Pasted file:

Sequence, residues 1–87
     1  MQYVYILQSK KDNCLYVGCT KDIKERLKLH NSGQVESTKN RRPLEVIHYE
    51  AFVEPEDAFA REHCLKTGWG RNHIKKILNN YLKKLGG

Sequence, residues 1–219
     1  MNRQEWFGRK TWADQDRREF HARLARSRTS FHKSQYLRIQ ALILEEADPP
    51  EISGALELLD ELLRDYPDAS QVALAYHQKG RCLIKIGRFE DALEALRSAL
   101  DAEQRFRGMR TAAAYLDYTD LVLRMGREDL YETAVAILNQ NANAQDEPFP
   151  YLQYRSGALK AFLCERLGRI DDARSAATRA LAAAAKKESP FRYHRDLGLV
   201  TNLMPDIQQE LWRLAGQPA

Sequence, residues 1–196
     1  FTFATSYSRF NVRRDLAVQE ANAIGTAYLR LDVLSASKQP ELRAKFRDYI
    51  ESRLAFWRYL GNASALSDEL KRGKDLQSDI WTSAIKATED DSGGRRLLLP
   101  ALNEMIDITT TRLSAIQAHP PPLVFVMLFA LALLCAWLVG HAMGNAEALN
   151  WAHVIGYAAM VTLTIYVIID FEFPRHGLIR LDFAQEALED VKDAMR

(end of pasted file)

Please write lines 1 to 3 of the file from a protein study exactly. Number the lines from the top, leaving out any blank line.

Sequence, residues 1–87
     1  MQYVYILQSK KDNCLYVGCT KDIKERLKLH NSGQVESTKN RRPLEVIHYE
    51  AFVEPEDAFA REHCLKTGWG RNHIKKILNN YLKKLGG